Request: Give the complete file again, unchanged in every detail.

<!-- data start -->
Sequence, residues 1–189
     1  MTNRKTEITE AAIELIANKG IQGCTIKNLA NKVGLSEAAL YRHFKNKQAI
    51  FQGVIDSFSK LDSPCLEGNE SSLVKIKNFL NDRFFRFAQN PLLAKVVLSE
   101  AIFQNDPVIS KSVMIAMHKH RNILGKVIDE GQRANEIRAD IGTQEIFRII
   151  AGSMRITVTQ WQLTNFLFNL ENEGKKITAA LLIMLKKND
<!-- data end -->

Sequence, residues 1–189
     1  MTNRKTEITE AAIELIANKG IQGCTIKNLA NKVGLSEAAL YRHFKNKQAI
    51  FQGVIDSFSK LDSPCLEGNE SSLVKIKNFL NDRFFRFAQN PLLAKVVLSE
   101  AIFQNDPVIS KSVMIAMHKH RNILGKVIDE GQRANEIRAD IGTQEIFRII
   151  AGSMRITVTQ WQLTNFLFNL ENEGKKITAA LLIMLKKND